Jelie Drops New EP, Pushes Limits of Rapping and Production

Denver rapper, producer, and soung engineer Jelie.
Denver rapper, producer, and soung engineer Jelie. Bradlie Jones
Denver rapper Jelie (pronounced "jell-eye") is a music savant. Between her beats, production, sound engineering, songwriting and music degree she’s pursuing at the University of Colorado Denver, she lives and breathes her craft.

Born Bradlie Jones, this rising artist is in full control of her vision, offering poignant rhymes. Her new five-track EP, titled H Virus, is an insightful peek at what she can do as a Swiss-army-knife musician. Tracks such as “Empress,” which she produced as a recording project in a songwriting class, and “Locked In” serve as mission statements for anyone unfamiliar with her music, and they showcase her ability to string together crisp rhymes and beats, melodies and funky riffs from track to track.

Coming into her own as a rapper has been a challenge for Jones, who remembers that when she graduated from pre-school, her teacher asked her what she wanted to do when she grew up. She wanted to say "rapper," but the teacher told everyone that she wanted to be a firefighter instead.

“Me being four, knowing that people would think negatively of me for saying 'rapper' says a lot,” says Jones. “I think it says that I’m happy with myself now. As a kid, you’re supposed to think the world is endless, that you can do anything. I was four and I knew that if I said ‘rapper’ there’d be some sort of negativity attached to it.

“As a kid, I was really quiet and observant. I think I was deterred by all the other kids saying 'princess' or 'ballerina' or other things like that, because rapper was so different, and I was also a girl.”

click to enlarge Jelie graduates in May 2019. - BRADLIE JONES
Jelie graduates in May 2019.
Bradlie Jones
It would be difficult to find another 21-year-old rapper with as much self-awareness as Jelie. Initially, that self-awareness manifested itself in her desire to be understood and to make sure her perspective was represented in hip-hop.

However, upon releasing Propellerhead Reason Software online tutorial videos for other people using the production software, Jelie discovered a love for inspiring and guiding others as a teacher. She also began to understand just how much cultural influence she has on other black women rappers, producers and sound engineers.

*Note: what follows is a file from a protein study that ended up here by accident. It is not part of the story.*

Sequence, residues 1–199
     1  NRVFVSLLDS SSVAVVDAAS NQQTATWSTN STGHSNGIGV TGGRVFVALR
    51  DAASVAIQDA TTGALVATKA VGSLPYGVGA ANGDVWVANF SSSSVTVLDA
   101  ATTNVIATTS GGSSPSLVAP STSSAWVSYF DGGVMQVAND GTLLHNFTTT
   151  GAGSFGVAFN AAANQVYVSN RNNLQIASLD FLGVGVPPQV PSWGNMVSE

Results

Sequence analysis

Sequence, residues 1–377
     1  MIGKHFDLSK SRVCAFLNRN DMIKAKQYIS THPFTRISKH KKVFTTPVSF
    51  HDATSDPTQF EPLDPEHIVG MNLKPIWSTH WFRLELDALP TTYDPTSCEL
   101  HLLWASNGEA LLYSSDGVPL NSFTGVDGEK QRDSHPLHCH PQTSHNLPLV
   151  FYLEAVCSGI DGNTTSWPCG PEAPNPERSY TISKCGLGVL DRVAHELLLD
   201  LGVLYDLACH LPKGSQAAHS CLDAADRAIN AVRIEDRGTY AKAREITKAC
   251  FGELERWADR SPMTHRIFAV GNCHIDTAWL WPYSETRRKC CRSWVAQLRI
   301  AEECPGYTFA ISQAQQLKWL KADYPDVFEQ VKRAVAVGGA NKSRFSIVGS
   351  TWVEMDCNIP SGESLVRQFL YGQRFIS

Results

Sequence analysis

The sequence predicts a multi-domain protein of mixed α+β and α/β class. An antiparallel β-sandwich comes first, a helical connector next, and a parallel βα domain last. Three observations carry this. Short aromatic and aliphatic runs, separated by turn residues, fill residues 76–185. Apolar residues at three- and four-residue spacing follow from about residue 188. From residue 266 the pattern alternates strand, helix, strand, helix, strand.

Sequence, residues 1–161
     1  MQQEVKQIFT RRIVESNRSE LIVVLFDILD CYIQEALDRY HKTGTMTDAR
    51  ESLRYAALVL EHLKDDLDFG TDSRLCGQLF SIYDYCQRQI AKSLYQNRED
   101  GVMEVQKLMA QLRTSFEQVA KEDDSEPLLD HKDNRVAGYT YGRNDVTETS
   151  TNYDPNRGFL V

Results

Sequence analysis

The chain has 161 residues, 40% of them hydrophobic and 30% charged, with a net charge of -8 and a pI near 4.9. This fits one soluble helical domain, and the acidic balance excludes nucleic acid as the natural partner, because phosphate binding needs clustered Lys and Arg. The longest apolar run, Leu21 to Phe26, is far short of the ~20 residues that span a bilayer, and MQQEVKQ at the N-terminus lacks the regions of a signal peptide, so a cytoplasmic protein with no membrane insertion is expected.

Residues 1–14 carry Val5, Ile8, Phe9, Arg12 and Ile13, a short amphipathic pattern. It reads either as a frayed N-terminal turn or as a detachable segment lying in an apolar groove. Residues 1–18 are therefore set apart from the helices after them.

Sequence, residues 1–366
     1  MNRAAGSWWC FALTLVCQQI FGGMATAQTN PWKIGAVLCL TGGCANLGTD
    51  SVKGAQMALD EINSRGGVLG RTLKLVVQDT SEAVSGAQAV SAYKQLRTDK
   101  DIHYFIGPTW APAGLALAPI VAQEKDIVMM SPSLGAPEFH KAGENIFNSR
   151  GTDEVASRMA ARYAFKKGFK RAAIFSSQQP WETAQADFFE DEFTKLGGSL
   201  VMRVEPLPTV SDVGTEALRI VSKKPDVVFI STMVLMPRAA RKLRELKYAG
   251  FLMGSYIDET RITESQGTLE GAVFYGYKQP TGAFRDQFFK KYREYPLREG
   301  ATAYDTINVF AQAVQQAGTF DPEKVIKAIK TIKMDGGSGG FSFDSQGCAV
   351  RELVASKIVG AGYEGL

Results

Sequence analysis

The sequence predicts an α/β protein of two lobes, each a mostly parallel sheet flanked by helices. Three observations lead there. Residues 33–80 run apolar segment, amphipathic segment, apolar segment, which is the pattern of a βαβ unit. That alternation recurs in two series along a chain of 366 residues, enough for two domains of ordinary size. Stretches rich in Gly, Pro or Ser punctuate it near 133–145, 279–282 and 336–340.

“Honestly, I kind of stumbled into it. I started off wanting to be relatable; that was it," she says. "I just wanted people to understand where I’m coming from and, if they’re in a similar situation, to feel that feeling with me. I stumbled into inspiring people.

“I love it," she continues. "I want to touch as many people as I can. I know that’s a really cliché thing to say, but I feel like I have a thing to say that’s not really publicized or broadcast out there anywhere because there’s not many people like me. And if there are people that can relate, I want those people to be inspired by what I do and for me to be inspired by what they do.”

Jones says other people are hoping to see her succeed and watching how she conducts herself in the public eye.

“Tutoring sparked some of my ideas, such as creating songs that weren’t host to derogatory terms, but were also true to who I am, songs that other people from other countries can listen to," she says. "I’m teaching people all over the world with these tutorials, and a lot of people are interested in my music.

“If they want to listen, they can listen in confidence knowing they’ll understand what I’m talking about,” Jones adds.

Being a young, black, female rapper and producer in Denver comes with challenges, she says. Being herself didn’t initially work in Jones's favor when she started writing and performing, as she was forced to participate in cypher shows, or freestyles, on Facebook just to get her name out there. As if she needed another reminder of how she was an anomaly in the sexist, male-centric hip-hop culture, the then-under-21 Jones was denied entry to 21-and-up shows, something underaged men find workarounds to do.

“When I started, I was under 21 so I couldn’t get in," she says. "I think there’s some sort of stigma toward females getting into clubs under age. I’ve seen it happen a lot: With males, it’s perfectly fine, but with me, it never happened.”

As a soon-to-be college graduate and a distinguished artist with a new EP out, Jelie has embraced her circumstances. For better or for worse, her place in the room informs her every move.

“Everything I do kind of challenges the status quo. I’m the African-American female in school for music; there’s not many people with my background doing what I’m doing.”
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Ben Wiese is a writer in Denver. He covers music for Westword.
Contact: Ben Wiese